Obamacare’s Impact on Campus: Students Lose Health Coverage When Premiums Rise
Alicia M. Cohn /
When Obamacare hits campus, students lose options.
Obamacare mandates are already forcing many colleges and universities to drop student insurance completely or reduce benefits extended to employee spouses, as the University of Virginia recently did.
A letter sent to parents of students at Indiana’s Taylor University this summer explains the school had to choose between dropping student insurance coverage completely or raising premiums by about 110 percent (from $430 to $946 annually for U.S. students). Taylor chose the former, explaining in writing that the private school’s insurance premium costs would rise even higher after the 2013-14 school year.
Health and Human Services (HHS) Secretary Kathleen Sebelius conceded in March that some Americans could see their insurance premiums rise under the new law, but that was after months of insisting premiums would not go up. Sebelius even ignored a warning from the American Council on Education that schools might not be able to afford to continue offering student health plans under the bill.
“I have proof right here,” Carole-Ann Inserra, the mother of one Taylor student, told Heritage. She provided Heritage with a copy of the letter from Taylor. “It’s right here on a piece of paper; it’s right here in writing. Everybody’s insurance rates are going up, so I just don’t understand why people are out there lying to the American people. I do understand: it’s politics. But it’s not the truth.”
The letter from Taylor explicitly blames Obamacare for the changes. Some of the coverage requirements included in the Obamacare mandate also conflict with the school’s religious teaching.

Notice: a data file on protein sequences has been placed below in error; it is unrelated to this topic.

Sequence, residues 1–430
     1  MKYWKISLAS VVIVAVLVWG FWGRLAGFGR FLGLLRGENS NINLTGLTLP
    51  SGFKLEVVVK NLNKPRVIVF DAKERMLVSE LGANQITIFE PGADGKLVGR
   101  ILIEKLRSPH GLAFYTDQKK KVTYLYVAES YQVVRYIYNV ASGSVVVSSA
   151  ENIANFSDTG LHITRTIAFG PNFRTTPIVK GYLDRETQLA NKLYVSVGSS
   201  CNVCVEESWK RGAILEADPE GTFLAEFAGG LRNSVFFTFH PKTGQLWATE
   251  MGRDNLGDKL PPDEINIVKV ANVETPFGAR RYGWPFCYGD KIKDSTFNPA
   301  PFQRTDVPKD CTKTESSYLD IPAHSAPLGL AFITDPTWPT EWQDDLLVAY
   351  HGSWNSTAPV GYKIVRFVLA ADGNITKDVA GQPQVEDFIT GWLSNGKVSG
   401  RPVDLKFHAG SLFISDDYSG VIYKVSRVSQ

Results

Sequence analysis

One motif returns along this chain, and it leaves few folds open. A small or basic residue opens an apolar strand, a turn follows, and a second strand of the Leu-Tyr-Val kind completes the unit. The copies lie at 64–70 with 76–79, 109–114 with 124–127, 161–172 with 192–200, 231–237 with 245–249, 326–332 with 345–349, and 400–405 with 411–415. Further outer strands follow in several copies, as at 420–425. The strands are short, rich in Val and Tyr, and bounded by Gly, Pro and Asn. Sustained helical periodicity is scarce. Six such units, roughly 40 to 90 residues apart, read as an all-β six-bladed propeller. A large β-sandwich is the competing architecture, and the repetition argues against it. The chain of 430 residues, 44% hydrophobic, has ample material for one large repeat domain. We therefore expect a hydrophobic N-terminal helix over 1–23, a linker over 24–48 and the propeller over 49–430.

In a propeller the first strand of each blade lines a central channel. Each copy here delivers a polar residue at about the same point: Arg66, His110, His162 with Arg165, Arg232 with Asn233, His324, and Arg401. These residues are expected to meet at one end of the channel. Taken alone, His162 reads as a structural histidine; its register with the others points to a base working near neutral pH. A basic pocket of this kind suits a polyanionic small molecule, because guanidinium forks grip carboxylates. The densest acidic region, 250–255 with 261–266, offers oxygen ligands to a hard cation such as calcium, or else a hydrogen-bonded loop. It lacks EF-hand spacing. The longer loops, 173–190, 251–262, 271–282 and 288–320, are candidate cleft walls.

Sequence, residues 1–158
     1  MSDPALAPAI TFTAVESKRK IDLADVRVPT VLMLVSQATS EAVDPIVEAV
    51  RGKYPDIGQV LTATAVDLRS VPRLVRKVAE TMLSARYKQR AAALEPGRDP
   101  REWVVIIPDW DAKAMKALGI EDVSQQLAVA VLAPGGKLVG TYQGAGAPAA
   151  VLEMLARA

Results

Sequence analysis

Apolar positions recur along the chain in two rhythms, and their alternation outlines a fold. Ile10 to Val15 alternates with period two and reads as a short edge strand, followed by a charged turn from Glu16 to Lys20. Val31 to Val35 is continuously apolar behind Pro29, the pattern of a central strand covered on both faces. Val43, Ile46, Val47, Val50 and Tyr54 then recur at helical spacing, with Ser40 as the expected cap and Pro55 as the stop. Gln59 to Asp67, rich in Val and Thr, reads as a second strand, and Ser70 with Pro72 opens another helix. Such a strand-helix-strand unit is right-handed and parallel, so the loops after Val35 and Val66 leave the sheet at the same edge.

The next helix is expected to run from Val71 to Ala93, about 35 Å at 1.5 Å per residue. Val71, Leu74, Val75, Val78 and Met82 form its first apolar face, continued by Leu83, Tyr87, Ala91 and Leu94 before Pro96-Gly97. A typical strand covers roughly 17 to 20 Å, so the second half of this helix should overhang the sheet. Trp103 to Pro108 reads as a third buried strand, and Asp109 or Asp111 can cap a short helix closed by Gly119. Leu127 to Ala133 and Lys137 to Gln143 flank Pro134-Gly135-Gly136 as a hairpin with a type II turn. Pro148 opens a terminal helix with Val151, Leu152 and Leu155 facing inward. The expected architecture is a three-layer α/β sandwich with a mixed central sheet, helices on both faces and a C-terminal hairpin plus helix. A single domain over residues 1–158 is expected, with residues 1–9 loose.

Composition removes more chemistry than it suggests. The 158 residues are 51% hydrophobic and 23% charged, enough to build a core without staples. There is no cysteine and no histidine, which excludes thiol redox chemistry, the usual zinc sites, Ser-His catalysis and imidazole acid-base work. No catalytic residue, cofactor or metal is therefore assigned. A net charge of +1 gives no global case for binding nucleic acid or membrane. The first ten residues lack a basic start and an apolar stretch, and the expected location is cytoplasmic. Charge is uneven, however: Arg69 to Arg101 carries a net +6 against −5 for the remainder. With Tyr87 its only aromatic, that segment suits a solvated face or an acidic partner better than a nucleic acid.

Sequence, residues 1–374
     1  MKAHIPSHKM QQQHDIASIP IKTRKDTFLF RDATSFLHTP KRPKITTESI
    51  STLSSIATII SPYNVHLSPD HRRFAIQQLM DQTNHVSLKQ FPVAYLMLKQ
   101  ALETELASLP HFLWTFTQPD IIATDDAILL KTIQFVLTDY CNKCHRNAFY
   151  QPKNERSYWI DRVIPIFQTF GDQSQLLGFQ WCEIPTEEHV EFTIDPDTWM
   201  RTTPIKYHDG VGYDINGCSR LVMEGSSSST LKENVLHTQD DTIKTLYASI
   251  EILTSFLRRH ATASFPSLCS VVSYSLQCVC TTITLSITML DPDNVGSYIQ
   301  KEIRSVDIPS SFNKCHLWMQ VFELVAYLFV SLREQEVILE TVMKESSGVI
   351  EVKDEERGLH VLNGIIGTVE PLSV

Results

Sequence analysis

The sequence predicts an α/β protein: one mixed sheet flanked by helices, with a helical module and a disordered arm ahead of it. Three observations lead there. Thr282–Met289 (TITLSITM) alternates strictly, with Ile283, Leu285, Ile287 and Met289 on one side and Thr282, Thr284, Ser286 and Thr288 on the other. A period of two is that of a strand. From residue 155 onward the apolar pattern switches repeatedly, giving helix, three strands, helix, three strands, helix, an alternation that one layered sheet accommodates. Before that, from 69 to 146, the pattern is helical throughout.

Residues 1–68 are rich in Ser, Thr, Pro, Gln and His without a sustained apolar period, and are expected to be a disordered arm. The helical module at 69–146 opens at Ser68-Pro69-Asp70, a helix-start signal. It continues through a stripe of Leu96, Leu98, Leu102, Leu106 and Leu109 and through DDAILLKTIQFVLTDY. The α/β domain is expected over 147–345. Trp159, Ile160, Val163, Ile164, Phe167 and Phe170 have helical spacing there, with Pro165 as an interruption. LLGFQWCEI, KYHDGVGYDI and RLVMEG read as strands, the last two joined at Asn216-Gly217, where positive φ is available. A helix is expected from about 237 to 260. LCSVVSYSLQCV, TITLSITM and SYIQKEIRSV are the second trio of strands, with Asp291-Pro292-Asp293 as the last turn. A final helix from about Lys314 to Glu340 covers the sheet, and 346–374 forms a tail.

For Carole-Ann and Bob Inserra (the parents of Heritage Analyst David Inserra), it means their daughter Alyssa will no longer have a primary care doctor near her school. She is covered under her parents’ plan, but their insurance does not have primary care doctors in Indiana, which is why they bought the college’s plan in the first place. Carole-Ann is concerned that Alyssa could have an urgent medical need while at school or on the road with the tennis team.
“If something happened to Alyssa, [we] could get it pre-approved, but it would take three days,” she said. “You have to tell the insurance company and it can take up to three days for them to tell you, ‘Okay, you can go to this [local] doctor.’”
Carole-Ann Inserra tells Heritage that she’s most concerned about the trend of making student insurance less affordable. The lack of options is forcing many students to choose between forgoing insurance completely—making rates higher for everyone else in the pool—or accepting government subsidies they might not want for coverage they might not need.
“This doesn’t just affect my daughter; it affects every student that goes to college,” Inserra says. “It’s always the kids; they’re going to have to pay for it.”
Letter to students from Taylor University